The Nikon Z MC 105mm f2.8 VR S is a macro lens with excellent performance at infinity or 1:1 magnification. It offers a rich feature set including fast autofocus making focus shift shooting on a Nikon Z camera a breeze, full weather sealing and fluorine-coating, ARNEO plus Nano anti-reflex coating to preserve high contrast even under adverse contra-light situations, an additional function button, plus an OLED display which can not only indicate aperture or focusing distance and depth-of-field, but also magnification. Optically the lens is very sharp across the full frame, has a nice Bokeh, and is practically free of colour aberrations or field-curvature which is important when reproducing flat objects. Another bonus is the optical image stabilization of the lens. Macro photography is a field where shake can easily ruin a shot as the effect of camera shake increases with magnification. That’s why you should use a tripod whenever you can. But if a tripod is not available every bit of image stabilization helps.
What’s not to like? Well, I have really only one gripe: The lens does not go beyond 1:1 (1x) magnification. It does not even allow the use of teleconverters to achieve larger magnifications. I think that Nikon might have missed a trend in the market: Laowa is offering macro lenses that go down to 2x magnification, the new Canon RF 100mm f2.8L Macro IS goes to 1.4x and Sigma has teleconverters to use with their 105mm f2.8 DG DN Macro Art to achieve 1.4x and 2x. Yes, you can use bellows or extension tubes, but Nikon does not (yet) offer any for Z mount, and third-party solutions often limit the functionality of the lens.
Let’s put this into perspective and have a closer look at how the Nikon Z MC 105mm f2.8 VR S compares to Nikon’s Z MC 50mm f2.8, Laowa’s 100mm f2.8 2x Macro APO, or the Sigma 105mm f2.8 DG DN Macro Art which is currently only available in Sony E-mount and Leica L-mount.
Compared to Nikon Z MC 50mm f2.8
From my initial testing Nikon’s other macro lens for Z mount, the Z MC 50mm f2.8, looks like a good performer albeit not on the same level as the Z MC 105mm f2.8 VR S. The 50mm macro certainly has the advantage of being smaller, lighter, and more affordable than its longer sibling. And the missing optical image stabilization may not be a major drawback as 50mm focal length is easier to stabilize by the body-based stabilization on Nikon’s full-frame Z cameras alone. But keep in mind that the shorter focal length of the 50mm Z-Nikkor means that you have only half of the working distance of the 105mm Z-Nikkor for any given magnification. This might scare small critters away more easily. But if this is not your concern and you prefer small and light equipment then the Z MC 50mm f2.8 looks like a good alternative to the Z MC 105mm f2.8 VR S.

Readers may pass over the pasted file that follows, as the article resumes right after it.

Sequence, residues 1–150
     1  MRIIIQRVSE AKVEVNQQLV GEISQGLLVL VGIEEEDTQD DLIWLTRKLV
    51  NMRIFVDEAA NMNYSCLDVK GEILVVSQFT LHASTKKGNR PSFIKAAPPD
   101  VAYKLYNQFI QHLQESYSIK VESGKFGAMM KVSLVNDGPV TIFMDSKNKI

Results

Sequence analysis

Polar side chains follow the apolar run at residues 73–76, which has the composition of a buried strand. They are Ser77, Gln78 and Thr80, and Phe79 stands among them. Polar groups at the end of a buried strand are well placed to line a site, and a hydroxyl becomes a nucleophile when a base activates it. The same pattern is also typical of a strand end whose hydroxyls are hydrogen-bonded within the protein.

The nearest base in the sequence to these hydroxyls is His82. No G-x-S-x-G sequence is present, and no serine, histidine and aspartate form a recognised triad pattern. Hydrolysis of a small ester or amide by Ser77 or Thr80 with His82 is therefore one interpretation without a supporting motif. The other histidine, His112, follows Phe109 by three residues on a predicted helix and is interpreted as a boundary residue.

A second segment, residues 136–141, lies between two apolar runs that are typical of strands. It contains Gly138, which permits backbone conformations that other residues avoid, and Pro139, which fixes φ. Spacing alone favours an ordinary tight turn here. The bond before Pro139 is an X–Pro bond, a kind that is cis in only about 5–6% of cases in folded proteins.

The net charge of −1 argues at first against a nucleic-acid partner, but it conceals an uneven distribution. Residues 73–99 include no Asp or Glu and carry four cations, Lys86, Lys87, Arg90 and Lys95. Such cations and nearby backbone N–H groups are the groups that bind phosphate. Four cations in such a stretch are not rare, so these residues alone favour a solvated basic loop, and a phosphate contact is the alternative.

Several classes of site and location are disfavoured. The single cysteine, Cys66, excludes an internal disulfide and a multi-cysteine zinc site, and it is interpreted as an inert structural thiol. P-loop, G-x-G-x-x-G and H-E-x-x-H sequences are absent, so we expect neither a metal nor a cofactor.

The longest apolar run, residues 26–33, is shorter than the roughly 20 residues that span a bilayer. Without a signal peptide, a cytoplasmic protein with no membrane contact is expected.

For more details see my Nikon Z MC 50mm f2.8 preview which I’ll soon expand into a full review.
Compared to Laowa 100mm f2.8 2x Macro APO
Laowa’s 100mm f2.8 2x Macro APO is a good macro lens which also doubles up as a light telephoto. It produces images only slightly softer than from the Nikon Z MC 105mm f2.8 VR S with very little field-curvature, pretty soft Bokeh, and almost no colour aberrations. But its major attraction is being able to focus from infinity down to 2x magnification without any additional gear – and that it comes at half the price of the 105mm Z-Nikkor. Its major drawbacks like the manual focus and aperture operation or even the vulnerability to flare and glare might not bother the hardened macro photographer working from a tripod and a focus rail. So if you want to go beyond 1:1 magnification and are on a tight budget, the Laowa is an interesting alternative.
For more details see my Laowa 100mm f2.8 2x Macro APO review where it earned a recommendation.
Compared to Sigma 105mm f2.8 DG DN Macro Art
The 105mm f2.8 DG DN Macro Art is an excellent lens, its performance matching that of the Nikon Z MC 105mm f2.8 VR S. It also has a very good feature set but misses out on optical image stabilization and an OLED display. But it can be used with Sigma’s teleconverters to get to 1.4x or 2x magnification plus you can get the lens-mount swapped (at a cost). Currently the lens is available in Sony FE- and Leica L-mount only, so it’s not really an alternative to Nikon’s new macro lenses – unless you want to dabble with E-to-Z mount converters. But I’d expect Sigma is working on versions for Z- and RF-mount too.
For more details see my Sigma 105mm f2.8 DG DN Macro Art review where it came Highly Recommended.
Nikon Z MC 105mm f2.8 VR S final verdict
Nikon’s Z MC 105mm f2.8 VR S is a very good macro lens which also doubles up as a light telephoto. It produces very sharp images with almost no field-curvature or colour aberrations and can confidently be used wide open and in challenging contra-light situations. Its Bokeh is nice and the optical image stabilization should prove helpful with the extra challenges of close-up shooting. So the Z MC 105mm f2.8 VR S certainly earns a Highly Recommended. I only regret that Nikon missed the opportunity to go beyond 1x magnification.
- Excellent resolution and contrast at all object distances.
- No longitudinal colour aberrations or purple fringing.
- Only little vignetting and mild distortions – even without lens-profile.
- Very little field-curvature.
- Nice Bokeh.
- Optical image stabilization.
- Weather sealing, multi function ring, OLED display, function button, focus limiter.
- Cannot use teleconverters
- Focus breathing could be lower.